She added that more flags went up when the mine failed to pay taxes to Campbell County and argued that Wyoming should have never allowed the mines to operate under Blackjewel in the first place.

News reports Monday indicated that Blackjewel accumulated $37 million in tax debt to Campbell County and another nearly $12 million to the Wyoming Department of Revenue. Taxes paid by coal companies in Wyoming are often used to beef up education, which is famously well-funded in Wyoming.

But the Powder River Resource Basin Council has often been critical of coal mining in the state. Only two months ago, when coal giant Cloud Peak filed for bankruptcy, Evans said she urged the state to work on behalf of the miners, taxpayers and the environment.

“We are deeply concerned about Blackjewel’s employees and their benefits, as well as the millions of dollars of delinquent ad valorem taxes,” Evans stated. “Bankruptcy should never be used as a haven for a mining corporation to escape its reclamation bonding and tax obligations.”

According to Todd Parfitt, director of the Wyoming Department of Environmental Quality, both sites are fully bonded, leaving nothing to worry about along the lines Evans hinted at in her statement.

“The first thing we did is we looked at the bond for Belle Ayr and Eagle Butte,” he said, pointing out that the state has funds paid by the company to reclaim the site in case of forfeiture.

Bonding is a typical measure used to prevent lasting environmental damage if a mine operator fails. The bonds paid by a company are later used to reclaim the land to a pristine state after the company goes under.

However, Parfitt said, that drastic measure is yet in the future. “We’re not there yet,” he said. “We need to see what the bankruptcy court says.”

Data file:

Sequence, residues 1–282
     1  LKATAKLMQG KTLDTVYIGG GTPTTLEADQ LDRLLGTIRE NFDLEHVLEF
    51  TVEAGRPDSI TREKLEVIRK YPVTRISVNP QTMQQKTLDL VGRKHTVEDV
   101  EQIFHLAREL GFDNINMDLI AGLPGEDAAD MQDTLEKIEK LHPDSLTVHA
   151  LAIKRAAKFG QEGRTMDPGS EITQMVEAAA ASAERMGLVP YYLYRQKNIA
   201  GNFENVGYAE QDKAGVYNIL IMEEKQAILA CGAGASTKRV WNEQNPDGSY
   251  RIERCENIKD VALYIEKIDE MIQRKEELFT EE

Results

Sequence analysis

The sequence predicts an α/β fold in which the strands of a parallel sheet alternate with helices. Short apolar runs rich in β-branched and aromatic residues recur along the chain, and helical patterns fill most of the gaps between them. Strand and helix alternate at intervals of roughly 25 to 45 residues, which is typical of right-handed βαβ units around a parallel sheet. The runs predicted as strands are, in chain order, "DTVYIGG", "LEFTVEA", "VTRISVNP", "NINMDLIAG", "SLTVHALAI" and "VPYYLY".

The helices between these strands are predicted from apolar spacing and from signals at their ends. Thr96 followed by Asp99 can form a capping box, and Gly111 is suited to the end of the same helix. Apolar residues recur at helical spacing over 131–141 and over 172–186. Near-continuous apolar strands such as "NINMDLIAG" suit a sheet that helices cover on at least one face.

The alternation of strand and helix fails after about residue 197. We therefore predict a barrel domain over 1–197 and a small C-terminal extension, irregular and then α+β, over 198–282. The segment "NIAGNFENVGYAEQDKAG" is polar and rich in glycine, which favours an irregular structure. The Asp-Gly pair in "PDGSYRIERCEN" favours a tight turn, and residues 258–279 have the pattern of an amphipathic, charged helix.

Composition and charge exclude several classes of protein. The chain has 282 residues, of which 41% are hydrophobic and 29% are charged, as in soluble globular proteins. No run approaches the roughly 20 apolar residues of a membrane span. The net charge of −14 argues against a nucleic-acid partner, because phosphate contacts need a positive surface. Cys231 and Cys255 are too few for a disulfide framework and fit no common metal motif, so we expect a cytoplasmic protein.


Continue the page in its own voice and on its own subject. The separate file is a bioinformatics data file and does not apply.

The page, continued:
In the interim, safety measures at the mine are of the highest priority, according to Kyle Wendtland, land quality administrator at the Wyoming Department of Environmental Quality.

“We have our folks on the ground to verify what those conditions are,” he said. “Could there be any coal fires because of the wet spring? Conditions are certainly ripe for that. But without physical onsite (information), it’s difficult to set priorities.”

The department is working to secure on-the-ground status as soon as possible.

For the 600-plus workers without a job, the Wyoming Department of Workforce Services is rushing to fill the void, according to department Director Robin Sessions Cooley. The department has formed rapid response teams to help the workers take advantage of state resources as varied as unemployment claims or brushing up on soft skills for landing their next jobs. An informational meeting was set for 2 p.m. today Wednesday, July 3 for the workers who lost their jobs.

The department also plans to hold a job fair at Gillette College next Monday, July 8, beginning at 9 a.m., to try to directly place as many of the workers as possible. Cooley reminded employers that training grants are available through the state.

“The first person we saw was at 3:30 [the day] that the mines closed – right after they made the announcement,” said Rick Mansheim, center manager for the Department of Workforce Services' Gillette office. “I was getting ready to call Cheyenne when they called me.”

The department has already gone through all the “rapid response” materials it had on hand to help layoff victims through such an event. The Gillette center continues to try to keep things orderly during the fallout from such a massive layoff in a small town.

“We’re averaging 70 people at a time in our office and moving them through as quickly as we can,” Mansheim said.

In a town where hotels and restaurants often tout pro-coal messages at check-in desks, Wyoming’s governor also expressed his support.

“Ladies and gentlemen of Campbell County, you power the nation,” he said. “We stand behind and beside you.”